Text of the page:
kafka_controller_PartitionReassignmentRateAndTimeMs_MeanRate
kafka_controller_PartitionReassignmentRateAndTimeMs_OneMinuteRate
kafka_controller_PreferredReplicaImbalanceCount_Value
kafka_controller_ReplicasIneligibleToDeleteCount_Value
kafka_controller_TopicChangeRateAndTimeMs_99thPercentile
kafka_controller_TopicChangeRateAndTimeMs_Count
kafka_controller_TopicChangeRateAndTimeMs_FiveMinuteRate
kafka_controller_TopicChangeRateAndTimeMs_Mean
kafka_controller_TopicChangeRateAndTimeMs_MeanRate
kafka_controller_TopicChangeRateAndTimeMs_Min
kafka_controller_TopicChangeRateAndTimeMs_StdDev
kafka_controller_TopicDeletionRateAndTimeMs_75thPercentile
kafka_controller_TopicDeletionRateAndTimeMs_95thPercentile
kafka_controller_TopicDeletionRateAndTimeMs_98thPercentile
kafka_controller_TopicDeletionRateAndTimeMs_Count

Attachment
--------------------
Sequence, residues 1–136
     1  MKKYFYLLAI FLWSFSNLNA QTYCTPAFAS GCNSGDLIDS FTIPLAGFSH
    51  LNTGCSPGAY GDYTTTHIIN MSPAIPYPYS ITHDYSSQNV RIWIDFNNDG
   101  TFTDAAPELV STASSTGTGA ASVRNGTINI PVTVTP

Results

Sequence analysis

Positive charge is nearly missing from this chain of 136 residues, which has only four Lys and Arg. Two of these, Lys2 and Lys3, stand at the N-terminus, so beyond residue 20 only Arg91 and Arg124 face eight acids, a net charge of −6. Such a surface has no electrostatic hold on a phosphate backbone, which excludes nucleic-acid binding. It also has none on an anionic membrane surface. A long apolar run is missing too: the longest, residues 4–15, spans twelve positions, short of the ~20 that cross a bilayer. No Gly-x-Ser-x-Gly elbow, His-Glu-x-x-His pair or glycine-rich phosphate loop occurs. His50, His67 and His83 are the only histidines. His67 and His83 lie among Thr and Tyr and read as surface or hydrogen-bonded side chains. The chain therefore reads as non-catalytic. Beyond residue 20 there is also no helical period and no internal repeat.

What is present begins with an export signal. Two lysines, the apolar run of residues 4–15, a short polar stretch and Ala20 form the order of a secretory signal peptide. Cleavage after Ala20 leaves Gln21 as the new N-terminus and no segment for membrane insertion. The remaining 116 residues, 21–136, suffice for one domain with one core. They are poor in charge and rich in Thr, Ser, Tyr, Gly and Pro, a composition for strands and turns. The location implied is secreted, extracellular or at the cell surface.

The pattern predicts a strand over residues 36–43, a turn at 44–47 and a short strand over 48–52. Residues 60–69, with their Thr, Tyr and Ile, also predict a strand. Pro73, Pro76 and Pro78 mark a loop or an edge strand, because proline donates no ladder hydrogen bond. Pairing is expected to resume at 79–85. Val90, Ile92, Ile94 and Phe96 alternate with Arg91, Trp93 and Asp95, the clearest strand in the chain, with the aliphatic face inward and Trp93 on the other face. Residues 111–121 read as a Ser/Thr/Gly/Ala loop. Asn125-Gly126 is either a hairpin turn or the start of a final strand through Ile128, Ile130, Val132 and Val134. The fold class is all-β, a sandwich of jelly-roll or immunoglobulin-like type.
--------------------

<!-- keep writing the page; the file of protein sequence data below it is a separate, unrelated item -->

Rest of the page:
kafka_controller_TopicDeletionRateAndTimeMs_FifteenMinuteRate
kafka_controller_TopicDeletionRateAndTimeMs_Max
kafka_controller_TopicDeletionRateAndTimeMs_OneMinuteRate
kafka_controller_TopicsToDeleteCount_Value
kafka_controller_TopicUncleanLeaderElectionEnableRateAndTimeMs_98thPercentile
kafka_controller_TopicUncleanLeaderElectionEnableRateAndTimeMs_999thPercentile
kafka_controller_TopicUncleanLeaderElectionEnableRateAndTimeMs_Count
kafka_controller_TopicUncleanLeaderElectionEnableRateAndTimeMs_FifteenMinuteRate
kafka_controller_TotalQueueSize_Value
kafka_controller_UncleanLeaderElectionEnableRateAndTimeMs_50thPercentile
kafka_controller_UncleanLeaderElectionEnableRateAndTimeMs_75thPercentile
kafka_controller_UncleanLeaderElectionEnableRateAndTimeMs_95thPercentile
kafka_controller_UncleanLeaderElectionEnableRateAndTimeMs_98thPercentile